Exercise in the Workplace – is there a place?
We all know that Injury Prevention is complex. From a workplace perspective, it is important that the organisation has gone through a thorough risk assessment process i.e. identified hazards and what factors may be contributing to that risk and consider an evidence based approach to putting control measures or strategies in place. Using the hierarchy of controls, these measures could be considered most to least effective (Worksafe Code of Practice on How to manage Work Health and Safety Risk 2021). Exercise programs would be considered a lower level intervention or an administrative control as it is targeted at the individual and relying on human behaviour. They do not necessarily consider the source of the risk, and therefore are considered less effective.
But we also know the many benefits of exercise. The workplace is endorsed by the World Health Organisation (WHO) and the Australian Government as a suitable setting for exercise promotion to increase employee physical activity participation and improve health. Workplaces often have large numbers so the effect can be scalable, facilities and equipment must be convenient with flexible access for time poor workers, and having colleagues engaged with the program can assist in motivation and engagement.
Exercise can be integrated into a workplace for many reasons. There is the growing risk of MSD’s in the Australian workforce, but exercise can also help other issues such as fatigue management, stress management, general health issues and chronic illnesses, particularly those from prolonged sitting and sedentary lifestyles.
The distinction between injury prevention exercise programs (defined as executed on the shop floor or in the office, and involve several breaks from work routine), and employer sponsored corporate fitness or wellness programs (which emphasise general physical exercise and CV fitness) is becoming increasingly blurred. Current trends and programs seem to be eroding the distinction between injury prevention and health promotion as the emphasis is on total worker health. Equally, with the rise of MSD’s generally, incorporating other components of exercise, such as strength, flexibility, motor patterning, postural control and job specific training seems to be broadening the workplace health promotion context.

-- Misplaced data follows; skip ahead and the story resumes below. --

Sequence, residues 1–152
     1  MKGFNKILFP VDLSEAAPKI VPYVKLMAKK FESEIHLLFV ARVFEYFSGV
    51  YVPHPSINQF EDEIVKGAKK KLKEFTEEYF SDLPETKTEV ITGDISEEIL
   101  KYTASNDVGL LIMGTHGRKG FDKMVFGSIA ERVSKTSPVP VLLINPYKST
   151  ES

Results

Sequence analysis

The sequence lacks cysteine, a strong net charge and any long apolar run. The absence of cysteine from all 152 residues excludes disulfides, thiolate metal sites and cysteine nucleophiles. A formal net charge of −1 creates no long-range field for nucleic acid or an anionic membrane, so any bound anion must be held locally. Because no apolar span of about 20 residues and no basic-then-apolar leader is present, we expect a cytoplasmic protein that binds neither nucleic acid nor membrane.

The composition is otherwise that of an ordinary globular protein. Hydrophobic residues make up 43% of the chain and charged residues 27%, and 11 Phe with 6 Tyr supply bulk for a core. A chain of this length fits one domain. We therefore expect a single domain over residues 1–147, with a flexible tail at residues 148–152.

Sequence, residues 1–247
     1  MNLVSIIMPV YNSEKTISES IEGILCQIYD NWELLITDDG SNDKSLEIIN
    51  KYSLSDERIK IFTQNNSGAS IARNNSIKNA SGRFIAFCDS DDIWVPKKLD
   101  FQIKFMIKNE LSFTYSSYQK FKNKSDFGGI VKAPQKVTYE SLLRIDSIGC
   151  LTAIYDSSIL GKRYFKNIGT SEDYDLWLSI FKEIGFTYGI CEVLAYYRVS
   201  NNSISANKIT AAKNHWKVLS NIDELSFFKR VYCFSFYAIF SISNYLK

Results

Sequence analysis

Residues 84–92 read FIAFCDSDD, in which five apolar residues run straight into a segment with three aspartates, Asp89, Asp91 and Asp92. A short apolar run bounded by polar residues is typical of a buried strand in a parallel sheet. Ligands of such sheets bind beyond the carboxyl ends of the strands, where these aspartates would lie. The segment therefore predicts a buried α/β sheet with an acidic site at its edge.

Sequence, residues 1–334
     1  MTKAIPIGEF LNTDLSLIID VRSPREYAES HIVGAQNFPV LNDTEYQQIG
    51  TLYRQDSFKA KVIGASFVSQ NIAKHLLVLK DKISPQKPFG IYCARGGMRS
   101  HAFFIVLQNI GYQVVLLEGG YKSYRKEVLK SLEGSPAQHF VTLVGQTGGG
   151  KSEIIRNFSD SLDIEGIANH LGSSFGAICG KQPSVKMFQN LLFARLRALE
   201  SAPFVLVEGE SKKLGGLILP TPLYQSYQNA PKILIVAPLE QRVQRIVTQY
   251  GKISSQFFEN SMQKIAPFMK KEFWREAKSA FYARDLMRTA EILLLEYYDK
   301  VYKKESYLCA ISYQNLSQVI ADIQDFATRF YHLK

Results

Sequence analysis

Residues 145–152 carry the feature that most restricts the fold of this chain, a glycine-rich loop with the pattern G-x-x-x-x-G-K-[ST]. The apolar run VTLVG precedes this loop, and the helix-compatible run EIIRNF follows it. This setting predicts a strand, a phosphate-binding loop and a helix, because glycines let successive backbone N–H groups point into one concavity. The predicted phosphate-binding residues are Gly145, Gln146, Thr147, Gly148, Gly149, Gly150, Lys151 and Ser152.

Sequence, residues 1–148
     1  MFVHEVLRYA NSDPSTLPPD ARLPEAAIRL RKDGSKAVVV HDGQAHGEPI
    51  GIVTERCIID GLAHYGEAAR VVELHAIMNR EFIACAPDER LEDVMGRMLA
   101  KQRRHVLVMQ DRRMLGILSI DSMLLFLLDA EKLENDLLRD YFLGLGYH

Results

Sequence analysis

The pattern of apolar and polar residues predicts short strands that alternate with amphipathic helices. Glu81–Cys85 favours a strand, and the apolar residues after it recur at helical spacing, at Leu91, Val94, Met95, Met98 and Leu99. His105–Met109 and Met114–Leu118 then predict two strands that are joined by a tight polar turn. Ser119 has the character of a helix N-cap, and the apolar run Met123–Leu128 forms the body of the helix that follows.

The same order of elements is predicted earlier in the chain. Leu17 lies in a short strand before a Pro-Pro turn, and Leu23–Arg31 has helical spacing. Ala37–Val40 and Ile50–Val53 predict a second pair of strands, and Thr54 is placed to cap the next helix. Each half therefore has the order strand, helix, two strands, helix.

So is it the workplaces responsibility to promote the health of their workers or is it the individuals? For many years we have spoken about work – life balance. But work is a part of life (a very important part for the majority of Australians), so shouldn’t we consider these active strategies as a collective, working towards a life balance?
So, where to start when considering exercise programs for workplaces?
Consultation with the management team, supervisors and workers is essential to not only understand the need and where this may fit within the businesses risk management strategy but to devise a targeted program specific to the worker and workplaces needs. All workplaces are different – not just from a physical sense in terms of the environment and the physical and psychological job demands that a worker is exposed to, but also at an organisational level. How much is the business supportive of such initiatives and what type of resources they’re prepared to commit to; how much flexibility in the work flow is there to allow workers to undertake exercise programs; and at a cultural level – do workers and supervisors encourage participation in these programs? You must then consider marketing of the program, how and when it will run, who will run it, who will be the program champions, how workers participate and how to minimise attrition rates. And, of course, measuring the effectiveness of such a program.
Some great initiatives which are now widely available to workplaces are the Be Up Standing Campaign and Blueprint for an Active Australia through the Australian Heart Foundation. Action area 2 is all about physical activity in the workplace and action area 5 is about prolonged sitting. There is a plethora of articles in these documents available online.
We all need to consider more active and healthy lifestyles and workplaces should support their workers to pursue their goals whether it be as a an individual or a group. These initiatives can create opportunities for connectedness in a workplace, particularly in these days of lockdowns and isolation.
In summary, we should sit less, stand up and move much much more. And on the flip side, a physical activity program in the workplace just might provide a strategic business-enhancement opportunity.